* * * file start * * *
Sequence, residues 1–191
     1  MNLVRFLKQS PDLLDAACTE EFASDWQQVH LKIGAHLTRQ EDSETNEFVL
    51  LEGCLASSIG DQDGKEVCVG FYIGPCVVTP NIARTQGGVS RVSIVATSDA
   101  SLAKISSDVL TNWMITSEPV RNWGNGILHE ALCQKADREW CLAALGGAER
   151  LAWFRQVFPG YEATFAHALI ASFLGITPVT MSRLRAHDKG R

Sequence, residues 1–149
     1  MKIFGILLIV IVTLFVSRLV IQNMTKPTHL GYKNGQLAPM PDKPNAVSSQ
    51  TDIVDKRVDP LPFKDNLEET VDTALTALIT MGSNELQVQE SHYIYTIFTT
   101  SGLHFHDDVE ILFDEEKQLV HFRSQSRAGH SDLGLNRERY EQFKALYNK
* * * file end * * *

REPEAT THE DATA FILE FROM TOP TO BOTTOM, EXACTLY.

Sequence, residues 1–191
     1  MNLVRFLKQS PDLLDAACTE EFASDWQQVH LKIGAHLTRQ EDSETNEFVL
    51  LEGCLASSIG DQDGKEVCVG FYIGPCVVTP NIARTQGGVS RVSIVATSDA
   101  SLAKISSDVL TNWMITSEPV RNWGNGILHE ALCQKADREW CLAALGGAER
   151  LAWFRQVFPG YEATFAHALI ASFLGITPVT MSRLRAHDKG R

Sequence, residues 1–149
     1  MKIFGILLIV IVTLFVSRLV IQNMTKPTHL GYKNGQLAPM PDKPNAVSSQ
    51  TDIVDKRVDP LPFKDNLEET VDTALTALIT MGSNELQVQE SHYIYTIFTT
   101  SGLHFHDDVE ILFDEEKQLV HFRSQSRAGH SDLGLNRERY EQFKALYNK